Beware Of Fake Math Modeling Problems

Here’s a question to think about: if you can completely remove a problem’s context and still solve it, can it really be mathematical modeling?

Consider the math problem below from a middle school math textbook. It uses the context of a baseball diamond to discuss rational numbers. It is listed as a “Real-World Link” and demonstrating Math Practice 4 (notice the box in the upper right).

I was watching students work on this page and wondered how important the context was to solving these problems. Then it made me wonder, “What if there was no context? What would change?” This is what the problem might look like it the context was completely removed.

Depth of Knowledge Matrix – Elementary Math

I’ve decided to expand upon my previous Depth of Knowledge Matrix that helped make it easier to distinguish between depth of knowledge levels in mathematics. While it is still useful, it didn’t cover every grade level and may be too broad in scope. So, I have made two new Depth of Knowledge Matrices: one for elementary mathematics and one for secondary mathematics. This week I am releasing the elementary mathematics matrix and next week will be secondary mathematics.

3 Steps To Increase A Math Problem’s DOK Level

Here’s my first attempt at articulating my thought process behind increasing a procedural problem’s Depth of Knowledge level. It’s not my intention to say that this is the only way to change the level. This is just one way. Also, I am only addressing the DOK level of the math content, not the conversation that students may have around the problem.

I’m starting out with something really basic: single operation problems. In an effort to make this applicable for a K-12 audience, my examples include addition, subtraction, multiplication, square root, exponents, and trigonometry. Clearly six problems won’t apply to every grade level, but I hope they are close enough to what you teach so that you can imagine a version you could use. Specifically, I want to discuss how to take a problem that is primarily a routine procedure and make it more rigorous.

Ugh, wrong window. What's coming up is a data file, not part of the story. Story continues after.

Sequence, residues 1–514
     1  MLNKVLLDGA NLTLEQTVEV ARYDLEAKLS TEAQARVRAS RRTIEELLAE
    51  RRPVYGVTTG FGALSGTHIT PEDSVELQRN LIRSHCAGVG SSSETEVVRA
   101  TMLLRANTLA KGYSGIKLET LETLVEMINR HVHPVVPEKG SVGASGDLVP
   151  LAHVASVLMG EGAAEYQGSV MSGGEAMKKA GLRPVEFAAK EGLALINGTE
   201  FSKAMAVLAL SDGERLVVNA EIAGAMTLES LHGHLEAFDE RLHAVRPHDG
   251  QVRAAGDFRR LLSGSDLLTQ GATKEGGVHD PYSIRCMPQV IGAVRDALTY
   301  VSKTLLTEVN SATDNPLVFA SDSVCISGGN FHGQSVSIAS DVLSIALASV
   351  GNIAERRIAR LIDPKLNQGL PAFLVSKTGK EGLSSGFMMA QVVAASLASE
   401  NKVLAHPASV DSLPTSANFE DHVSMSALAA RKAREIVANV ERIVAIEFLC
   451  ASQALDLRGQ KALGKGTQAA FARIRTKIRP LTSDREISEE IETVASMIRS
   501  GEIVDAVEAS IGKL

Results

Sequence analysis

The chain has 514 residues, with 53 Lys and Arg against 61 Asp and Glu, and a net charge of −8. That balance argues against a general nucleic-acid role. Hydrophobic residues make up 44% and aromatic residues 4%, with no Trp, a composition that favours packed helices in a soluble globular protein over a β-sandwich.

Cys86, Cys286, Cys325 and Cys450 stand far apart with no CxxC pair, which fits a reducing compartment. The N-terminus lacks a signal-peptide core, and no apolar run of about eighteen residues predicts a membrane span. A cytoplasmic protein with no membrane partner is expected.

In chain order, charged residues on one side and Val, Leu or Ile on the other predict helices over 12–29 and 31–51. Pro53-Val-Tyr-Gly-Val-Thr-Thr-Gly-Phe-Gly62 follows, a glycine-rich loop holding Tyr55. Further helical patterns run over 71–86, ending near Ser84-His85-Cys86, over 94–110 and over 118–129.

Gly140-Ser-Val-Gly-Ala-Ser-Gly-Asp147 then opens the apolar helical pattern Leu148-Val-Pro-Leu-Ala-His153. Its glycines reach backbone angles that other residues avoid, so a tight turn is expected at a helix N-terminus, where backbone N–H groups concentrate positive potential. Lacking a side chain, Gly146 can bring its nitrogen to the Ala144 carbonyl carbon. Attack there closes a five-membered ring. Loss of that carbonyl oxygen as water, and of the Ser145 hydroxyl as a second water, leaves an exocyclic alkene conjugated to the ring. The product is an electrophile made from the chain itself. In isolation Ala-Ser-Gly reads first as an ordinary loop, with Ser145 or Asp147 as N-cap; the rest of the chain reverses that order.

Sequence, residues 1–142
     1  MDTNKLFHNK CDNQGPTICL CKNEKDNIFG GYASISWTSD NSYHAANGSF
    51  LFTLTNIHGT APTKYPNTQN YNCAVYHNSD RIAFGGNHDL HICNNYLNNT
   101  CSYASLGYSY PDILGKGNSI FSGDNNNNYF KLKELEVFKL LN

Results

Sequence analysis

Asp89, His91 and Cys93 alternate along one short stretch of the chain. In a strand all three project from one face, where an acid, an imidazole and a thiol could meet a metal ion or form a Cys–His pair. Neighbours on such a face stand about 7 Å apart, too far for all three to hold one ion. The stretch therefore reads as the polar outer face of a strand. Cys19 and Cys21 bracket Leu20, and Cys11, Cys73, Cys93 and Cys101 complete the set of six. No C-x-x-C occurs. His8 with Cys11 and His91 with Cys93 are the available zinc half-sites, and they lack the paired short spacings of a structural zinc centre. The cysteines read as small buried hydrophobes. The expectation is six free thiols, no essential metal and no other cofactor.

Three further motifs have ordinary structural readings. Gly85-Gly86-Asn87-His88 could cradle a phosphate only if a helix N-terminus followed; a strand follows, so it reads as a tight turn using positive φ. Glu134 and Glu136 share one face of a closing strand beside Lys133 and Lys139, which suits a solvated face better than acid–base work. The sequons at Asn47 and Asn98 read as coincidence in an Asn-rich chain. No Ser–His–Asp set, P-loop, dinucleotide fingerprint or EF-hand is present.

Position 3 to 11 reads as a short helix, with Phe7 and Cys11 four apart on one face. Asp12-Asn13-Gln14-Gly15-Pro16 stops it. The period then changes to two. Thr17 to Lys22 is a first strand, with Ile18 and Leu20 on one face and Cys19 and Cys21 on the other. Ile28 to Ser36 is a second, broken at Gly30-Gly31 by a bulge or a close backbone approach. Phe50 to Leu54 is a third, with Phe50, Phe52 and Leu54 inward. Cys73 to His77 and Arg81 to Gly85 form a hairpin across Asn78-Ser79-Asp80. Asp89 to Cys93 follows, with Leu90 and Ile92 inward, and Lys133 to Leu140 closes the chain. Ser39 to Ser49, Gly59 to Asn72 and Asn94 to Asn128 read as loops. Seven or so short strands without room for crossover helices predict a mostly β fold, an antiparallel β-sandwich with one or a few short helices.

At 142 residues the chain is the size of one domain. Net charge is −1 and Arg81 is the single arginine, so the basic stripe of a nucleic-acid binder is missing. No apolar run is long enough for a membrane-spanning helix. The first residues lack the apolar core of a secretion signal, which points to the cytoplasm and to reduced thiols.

A Common Professional Development Mistake

I think that professional development providers, certainly including myself, often miss the mark and commit a common mistake when they tell attendees what they need to do but don’t leave them equipped to implement it. To explain this, consider how we teach students what to do during a fire.

The two most common options are providing a map (like you see in hotel rooms) or by simulating the experience through a fire drill (like you see in schools). Giving students a map is certainly less time consuming than running a fire drill, so why don’t we just give students a map?

Is Problem Solving Complex or Complicated?

Math educators are on a never ending quest to help students improve their problem solving skills. To succeed on this quest, they must choose between a variety of tools and it can be challenging to determine which are better. So, I wanted to share my take on two main categories I see:

problem solving tools designed for complicated situations
problem solving tools designed for complex situations

Shallowness (not Depth) of Knowledge

Consider the two problems on adding two-digit numbers shown below that are of varying Depth of Knowledge (DOK) levels.
When I gave both of these problems to my then second-grade son (who is fortunately a mini-math geek like his dad), he quickly conquered Problem One with it providing no real challenge. When I showed him Problem Two, he got 98 + 76. This is a great first answer, but it’s wrong.
He knew which four numbers to use but the problem exposed a hole in his understanding of place value and gave me a great opportunity to ask him questions like, “What does the 9 represent? What does the 8 represent? How does having more tens or ones change the sum?”
I’d make the case that the problem on the left is DOK 1 while the problem on the right is DOK 3 (more info here). Recently though, I got some pushback that forced me to think of a new way to articulate the difference between them.

Lessons Learned from Lesson Study

From 2010 to 2013, I had the opportunity to facilitate approximately 70 lesson study days with third grade through high school math teachers in my district. It was one of the best experiences of my career as my job was focused on learning about how students learn. So, I thought it would be worthwhile to share some of the lessons learned (many the hard way) as I believe that other educators may find them useful.

First, let me describe the lesson study process we used:

Troubleshooting #ObserveMe

If you’ve put up your #ObserveMe sign but things aren’t going the way you hoped, then this post’s for you. I’m using this as a running list of solutions for problems that educators are encountering so we can have them in a central location. Here’s how you can help:

Are you encountering issues that aren’t listed?
Do you have solutions that aren’t listed?
If so, please mention them in the comments and I will add them.

Want to #ObserveMe Teach A Lesson To High School Students?

I realized this weekend that if I am suggesting that we should all ask people to observe one another (#ObserveMe), then I should follow my own advice in as public a way as possible. So, I would like any interested peers to give me feedback on the goals in the picture below and record it on this Google Form. I believe that it may also be useful to read the feedback others are leaving for me. So, you can see everyone’s feedback here.


A teacher who doesn’t collaborate works on an isolated island.  When this lack of collaboration permeates an entire school, teachers more closely resemble independent contractors than colleagues.  I’m growing increasingly concerned that this is becoming more, and not less, common. Consider the highly shared and liked tweet below from Heather Kohn.  At a very collaborative…